2.50
Hdl Handle:
http://hdl.handle.net/10755/157145
Category:
Abstract
Type:
Presentation
Title:
Effective & Efficient Glucose Management in the Intensive Care Unit (ICU).
Author(s):
Myers, Jennifer; Chamnankit, Poome; Steuer, Jacquie
Author Details:
Jennifer Myers, Evanston Northwestern Hospital, Evanston, Illinois, USA, email: jenlindermuth@yahoo.com; Poome Chamnankit; Jacquie Steuer
Abstract:
PURPOSE: We hypothesized that comparable glycemic control could be achieved with a protocol that measured serum glucose every two hours instead of hourly. BACKGROUND: Aggressive management of hyperglycemia in the ICU has been shown to decrease mortality in selected patients. In 2004, we adopted the Yale Protocol (Diabetes Care 2004; 27:461). While a retrospective analysis of 24,108 serum glucose values in 1,497 patients at our institution demonstrated effective control of hyperglycemia, the protocol was labor intensive for nurses as it required hourly monitoring utilizing a complex calculation of insulin dosing. METHODS: We conducted a prospective pilot study involving 14 patients and 316 glucose measurements. Primary endpoints included (1) time to target glucose of 140mg/dL, (2) number of glucose measures relapsing above 140mg/dL once target was achieved, and (3) the incidence of hypoglycemia (<60mg/dL). These endpoints were compared with the fore mentioned historical control group. A secondary endpoint included nursing compliance with glucose measurements every two hours. RESULTS: A target glucose =140mg/dL was achieved in a mean of 9.5 +/- 5.5 (95% CI) hrs using the new protocol compared with 6.0 hrs in the historical control group. Once target glucose was achieved 43% of subjects in the pilot study had = 3 subsequent values that exceeded 140mg/dL compared with 50% of historical controls. Hypoglycemia occurred in 1.27% compared with 1.0%. Compliance with the Q 2 hour measurements was 94.2%. CONCLUSIONS: Comparable glucose control can be achieved in the ICU using a protocol with a 2-hour compared with a 1-hour measurement. This protocol was less labor intensive & nursing compliance was high.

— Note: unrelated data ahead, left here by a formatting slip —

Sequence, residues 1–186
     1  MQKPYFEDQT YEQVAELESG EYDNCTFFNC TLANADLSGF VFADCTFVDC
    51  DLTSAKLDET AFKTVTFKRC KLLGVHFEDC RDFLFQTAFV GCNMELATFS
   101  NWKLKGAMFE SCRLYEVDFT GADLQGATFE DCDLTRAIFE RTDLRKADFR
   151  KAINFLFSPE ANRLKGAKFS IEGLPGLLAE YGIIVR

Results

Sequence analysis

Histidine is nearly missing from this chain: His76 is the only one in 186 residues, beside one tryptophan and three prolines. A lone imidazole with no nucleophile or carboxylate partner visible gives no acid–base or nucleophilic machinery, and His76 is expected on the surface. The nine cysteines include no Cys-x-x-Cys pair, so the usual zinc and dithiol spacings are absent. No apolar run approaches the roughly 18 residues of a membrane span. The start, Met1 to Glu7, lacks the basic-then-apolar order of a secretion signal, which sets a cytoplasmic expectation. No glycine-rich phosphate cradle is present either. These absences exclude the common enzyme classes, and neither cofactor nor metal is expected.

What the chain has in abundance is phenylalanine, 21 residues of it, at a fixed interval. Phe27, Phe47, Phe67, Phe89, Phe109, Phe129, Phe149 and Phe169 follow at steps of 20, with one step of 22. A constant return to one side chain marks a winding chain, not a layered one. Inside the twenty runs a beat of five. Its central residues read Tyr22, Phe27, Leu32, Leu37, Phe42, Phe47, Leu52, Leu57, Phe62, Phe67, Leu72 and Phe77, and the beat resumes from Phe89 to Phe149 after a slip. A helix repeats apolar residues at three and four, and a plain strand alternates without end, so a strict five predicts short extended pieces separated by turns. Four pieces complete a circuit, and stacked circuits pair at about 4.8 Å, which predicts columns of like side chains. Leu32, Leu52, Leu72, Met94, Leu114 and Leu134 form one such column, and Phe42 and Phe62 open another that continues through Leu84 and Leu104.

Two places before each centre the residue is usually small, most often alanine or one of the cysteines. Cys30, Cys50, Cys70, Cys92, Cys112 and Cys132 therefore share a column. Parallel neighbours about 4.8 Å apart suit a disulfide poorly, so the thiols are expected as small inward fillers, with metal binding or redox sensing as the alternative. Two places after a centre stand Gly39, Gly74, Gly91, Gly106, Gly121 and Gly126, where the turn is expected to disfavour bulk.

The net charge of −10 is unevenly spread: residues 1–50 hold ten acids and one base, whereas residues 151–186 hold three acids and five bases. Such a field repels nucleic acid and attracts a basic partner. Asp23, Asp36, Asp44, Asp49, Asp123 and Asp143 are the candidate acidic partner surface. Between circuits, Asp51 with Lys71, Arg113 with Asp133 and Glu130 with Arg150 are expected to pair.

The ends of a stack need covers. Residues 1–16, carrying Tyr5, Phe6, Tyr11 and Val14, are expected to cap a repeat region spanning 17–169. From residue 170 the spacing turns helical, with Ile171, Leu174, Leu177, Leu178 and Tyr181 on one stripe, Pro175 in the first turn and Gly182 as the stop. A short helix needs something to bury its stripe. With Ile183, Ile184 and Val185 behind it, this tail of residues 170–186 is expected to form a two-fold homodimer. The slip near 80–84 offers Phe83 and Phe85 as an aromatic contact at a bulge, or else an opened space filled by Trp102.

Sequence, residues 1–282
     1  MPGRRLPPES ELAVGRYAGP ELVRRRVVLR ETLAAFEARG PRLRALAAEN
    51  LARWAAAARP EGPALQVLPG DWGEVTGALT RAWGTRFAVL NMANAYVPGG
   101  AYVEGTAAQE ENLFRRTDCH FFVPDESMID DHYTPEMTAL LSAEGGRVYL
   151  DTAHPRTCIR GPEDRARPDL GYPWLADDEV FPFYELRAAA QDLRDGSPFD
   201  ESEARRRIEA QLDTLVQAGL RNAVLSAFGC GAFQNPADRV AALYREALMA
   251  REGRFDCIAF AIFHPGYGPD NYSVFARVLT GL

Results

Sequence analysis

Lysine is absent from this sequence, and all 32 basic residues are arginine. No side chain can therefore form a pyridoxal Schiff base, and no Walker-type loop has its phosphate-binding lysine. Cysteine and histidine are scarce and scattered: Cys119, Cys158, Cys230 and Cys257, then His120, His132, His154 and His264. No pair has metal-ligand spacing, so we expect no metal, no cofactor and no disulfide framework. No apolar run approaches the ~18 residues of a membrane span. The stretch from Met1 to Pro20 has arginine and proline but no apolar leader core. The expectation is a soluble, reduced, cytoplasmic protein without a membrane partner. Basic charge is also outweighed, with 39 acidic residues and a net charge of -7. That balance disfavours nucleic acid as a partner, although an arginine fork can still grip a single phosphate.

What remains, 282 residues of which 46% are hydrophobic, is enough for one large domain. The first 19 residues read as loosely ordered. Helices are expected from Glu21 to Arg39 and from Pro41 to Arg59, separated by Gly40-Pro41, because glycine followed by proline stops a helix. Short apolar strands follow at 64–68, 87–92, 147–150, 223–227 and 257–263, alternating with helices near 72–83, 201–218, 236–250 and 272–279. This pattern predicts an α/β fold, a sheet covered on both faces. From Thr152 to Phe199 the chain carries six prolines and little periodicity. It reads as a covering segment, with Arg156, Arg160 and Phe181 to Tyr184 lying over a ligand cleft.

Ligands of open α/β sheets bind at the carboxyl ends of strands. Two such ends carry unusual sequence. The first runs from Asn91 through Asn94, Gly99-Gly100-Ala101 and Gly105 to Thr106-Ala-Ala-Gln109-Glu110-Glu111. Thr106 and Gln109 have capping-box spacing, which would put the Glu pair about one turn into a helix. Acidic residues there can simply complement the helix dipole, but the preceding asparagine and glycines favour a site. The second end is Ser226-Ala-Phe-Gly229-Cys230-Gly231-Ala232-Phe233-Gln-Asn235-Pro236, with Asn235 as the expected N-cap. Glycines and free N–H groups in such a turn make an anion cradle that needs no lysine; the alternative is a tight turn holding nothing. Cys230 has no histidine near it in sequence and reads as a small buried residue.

Repository Posting Date:
26-Oct-2011
Date of Publication:
26-Oct-2011
Citation:
2009 National Teaching Institute Research Abstracts. American Journal of Critical Care, 18(3), e1-e17.